More importantly, this and the previous video show the balance we seek to find between working intensively and seriously and creating an environment that is relaxed and playful.

I take the process very seriously.  I too made the transition to tenor, beginning as a baritone.  While training myself over a period of time, I always got input from people who really know me and my voice.  A process like this puts the singer in a very vulnerable position, especially the more experienced singer who goes through a change after professional success.  Most of those people who allow me the time to relearn and retrain without judgment teach at Kashu-do courses.  We teachers always share our own singing/playing and imperfections during the course to encourage students to get into the mindset of growing.



We try to avoid locking students up into some absolute goal during the short time that these courses last.  Instead, we give them tools so they may continue their development when they leave our presence.

The main point is that we continue to develop.  This is our greatest and most important principle. In these times, everyone is interested in a false illusion of perfection.  In such a culture, we are protected from the arduous process of becoming truly good at what we do.  Hence, young people come into singing expecting someone to flip a switch and fix all of their problems.  My personal hope is that our sharing of our own trench work will encourage young people to allow themselves to be patient in the process.  We should all be conscious that top professionals have lots of moments of imperfection in learning a new and challenging role, working for the first time with the music of a new composer or genre, etc.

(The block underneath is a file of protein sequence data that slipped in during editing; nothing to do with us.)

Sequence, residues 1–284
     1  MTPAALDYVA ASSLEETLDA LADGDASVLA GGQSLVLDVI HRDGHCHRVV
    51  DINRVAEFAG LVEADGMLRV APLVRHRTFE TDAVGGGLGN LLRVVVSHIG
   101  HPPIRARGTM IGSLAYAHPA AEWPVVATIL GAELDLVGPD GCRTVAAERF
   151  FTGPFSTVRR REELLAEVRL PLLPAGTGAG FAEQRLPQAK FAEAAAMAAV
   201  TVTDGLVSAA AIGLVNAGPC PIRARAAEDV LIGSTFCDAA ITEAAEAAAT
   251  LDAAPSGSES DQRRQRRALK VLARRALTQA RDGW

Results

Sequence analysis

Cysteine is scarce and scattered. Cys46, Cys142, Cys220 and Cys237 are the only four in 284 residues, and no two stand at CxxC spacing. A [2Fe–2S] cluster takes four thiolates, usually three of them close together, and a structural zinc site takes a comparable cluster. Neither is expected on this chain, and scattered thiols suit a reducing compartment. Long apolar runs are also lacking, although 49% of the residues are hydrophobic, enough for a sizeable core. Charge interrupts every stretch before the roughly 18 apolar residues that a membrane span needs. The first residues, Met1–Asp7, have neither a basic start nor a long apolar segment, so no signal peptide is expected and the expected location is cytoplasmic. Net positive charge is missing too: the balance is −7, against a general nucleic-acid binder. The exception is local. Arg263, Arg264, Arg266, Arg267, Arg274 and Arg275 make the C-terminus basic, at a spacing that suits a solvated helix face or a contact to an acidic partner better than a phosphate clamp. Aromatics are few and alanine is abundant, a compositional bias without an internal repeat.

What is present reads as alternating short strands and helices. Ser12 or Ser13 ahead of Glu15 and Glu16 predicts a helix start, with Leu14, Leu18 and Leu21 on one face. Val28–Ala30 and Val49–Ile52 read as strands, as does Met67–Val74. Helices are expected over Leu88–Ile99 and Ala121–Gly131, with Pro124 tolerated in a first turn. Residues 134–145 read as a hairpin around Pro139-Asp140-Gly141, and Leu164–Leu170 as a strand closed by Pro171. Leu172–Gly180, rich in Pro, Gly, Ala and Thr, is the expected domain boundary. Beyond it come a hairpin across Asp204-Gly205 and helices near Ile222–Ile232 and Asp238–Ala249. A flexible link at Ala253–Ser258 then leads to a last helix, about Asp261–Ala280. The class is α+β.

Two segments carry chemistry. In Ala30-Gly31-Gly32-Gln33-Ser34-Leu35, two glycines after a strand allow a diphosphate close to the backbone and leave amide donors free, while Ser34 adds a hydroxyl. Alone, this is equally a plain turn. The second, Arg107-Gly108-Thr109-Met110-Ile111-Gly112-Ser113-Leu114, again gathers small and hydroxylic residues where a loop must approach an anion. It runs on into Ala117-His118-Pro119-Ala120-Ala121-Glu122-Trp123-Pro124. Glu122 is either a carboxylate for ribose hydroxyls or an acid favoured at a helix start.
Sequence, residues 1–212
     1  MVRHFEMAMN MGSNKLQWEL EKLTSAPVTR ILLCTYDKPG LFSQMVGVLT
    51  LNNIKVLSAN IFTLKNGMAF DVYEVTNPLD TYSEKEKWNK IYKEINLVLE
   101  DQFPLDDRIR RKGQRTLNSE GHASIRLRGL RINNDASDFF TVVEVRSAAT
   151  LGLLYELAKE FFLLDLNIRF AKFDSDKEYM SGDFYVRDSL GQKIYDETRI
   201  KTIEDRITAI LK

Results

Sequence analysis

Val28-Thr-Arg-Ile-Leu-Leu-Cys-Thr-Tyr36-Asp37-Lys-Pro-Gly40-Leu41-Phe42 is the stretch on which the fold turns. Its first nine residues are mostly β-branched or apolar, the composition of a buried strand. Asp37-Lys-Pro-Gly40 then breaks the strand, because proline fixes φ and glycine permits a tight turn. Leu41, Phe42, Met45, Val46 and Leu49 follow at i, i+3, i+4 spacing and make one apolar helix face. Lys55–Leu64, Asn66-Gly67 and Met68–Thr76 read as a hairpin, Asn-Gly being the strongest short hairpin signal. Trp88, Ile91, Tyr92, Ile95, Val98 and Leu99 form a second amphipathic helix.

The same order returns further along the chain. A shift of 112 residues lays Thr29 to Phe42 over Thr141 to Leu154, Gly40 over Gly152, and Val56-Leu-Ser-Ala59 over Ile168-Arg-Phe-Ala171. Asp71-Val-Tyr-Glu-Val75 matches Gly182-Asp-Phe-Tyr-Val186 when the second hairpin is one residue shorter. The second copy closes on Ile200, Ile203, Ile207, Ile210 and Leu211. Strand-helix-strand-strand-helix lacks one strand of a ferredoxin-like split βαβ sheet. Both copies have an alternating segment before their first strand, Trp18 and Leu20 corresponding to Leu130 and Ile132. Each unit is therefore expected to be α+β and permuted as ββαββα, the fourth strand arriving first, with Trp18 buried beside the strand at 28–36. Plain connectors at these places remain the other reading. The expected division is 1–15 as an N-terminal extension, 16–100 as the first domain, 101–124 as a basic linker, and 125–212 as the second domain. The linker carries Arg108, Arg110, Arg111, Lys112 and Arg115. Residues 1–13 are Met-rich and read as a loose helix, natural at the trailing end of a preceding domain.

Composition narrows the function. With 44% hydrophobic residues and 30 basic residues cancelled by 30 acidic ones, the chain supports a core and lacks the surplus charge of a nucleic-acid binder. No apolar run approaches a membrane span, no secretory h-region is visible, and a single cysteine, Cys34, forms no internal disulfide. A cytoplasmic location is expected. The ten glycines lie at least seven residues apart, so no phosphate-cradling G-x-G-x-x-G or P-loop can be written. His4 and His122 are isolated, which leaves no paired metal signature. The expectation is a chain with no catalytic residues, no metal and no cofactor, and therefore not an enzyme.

I wish with all my heart that top professionals would share their private preparations, showing the chinks in their armor so that we can get back to the reality of classical singing.  No one is perfect, no one is perfectly secure, no one is complete!  All of us who are dedicated struggle every day to be better!

Nevertheless, a process should yield high-level results!  Below are a few examples of my professional clients, who have experienced the process over years and who make their living as active singers in opera, concert, early music, etc.  Several of them are also gifted teachers and often return to teach at our courses:


Raymond Ayers, baritone


Helene Lindqvist, soprano


Zachary Wilder, tenor


Meta Powell, soprano


Sophie Junker, soprano; Emilie Renard, mezzo-soprano


Anna Maria Niedbala, soprano


Katherine Osborne, mezzo
Nadine Weissmann


These are a few of the professional singers we guide through our principles:  Musicianship, vocal balance, stagecraft and above all love and respect for the art form we aspire to practice; dogged determination in the pursuit of excellence and patience in the pursuit of lasting results.

I hope you will take a serious look at our program.  Detailed information on our Website!

For further information about our programs and especially KISS (Kashu-do Intensive Summer Sessions), contact Dr. Jean-Ronald LaFond.

© Apri 26, 2018

No comments: